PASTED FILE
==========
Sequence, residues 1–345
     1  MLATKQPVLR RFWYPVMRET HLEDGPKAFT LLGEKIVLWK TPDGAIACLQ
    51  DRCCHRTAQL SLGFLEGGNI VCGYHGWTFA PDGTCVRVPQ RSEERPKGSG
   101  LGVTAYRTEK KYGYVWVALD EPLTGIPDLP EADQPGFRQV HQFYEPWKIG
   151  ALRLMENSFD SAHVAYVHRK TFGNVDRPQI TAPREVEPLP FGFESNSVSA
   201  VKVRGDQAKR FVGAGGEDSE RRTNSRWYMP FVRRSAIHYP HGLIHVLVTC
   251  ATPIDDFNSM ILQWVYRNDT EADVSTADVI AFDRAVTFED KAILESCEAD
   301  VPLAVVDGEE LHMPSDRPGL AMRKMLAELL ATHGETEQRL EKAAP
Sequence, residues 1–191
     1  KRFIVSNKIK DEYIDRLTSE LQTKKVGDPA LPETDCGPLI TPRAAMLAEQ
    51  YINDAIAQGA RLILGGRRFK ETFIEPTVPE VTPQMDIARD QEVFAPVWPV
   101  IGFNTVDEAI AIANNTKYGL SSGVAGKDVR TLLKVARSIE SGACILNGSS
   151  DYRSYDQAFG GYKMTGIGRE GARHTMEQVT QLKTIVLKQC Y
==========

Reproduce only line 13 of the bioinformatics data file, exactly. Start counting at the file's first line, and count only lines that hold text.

   151  DYRSYDQAFG GYKMTGIGRE GARHTMEQVT QLKTIVLKQC Y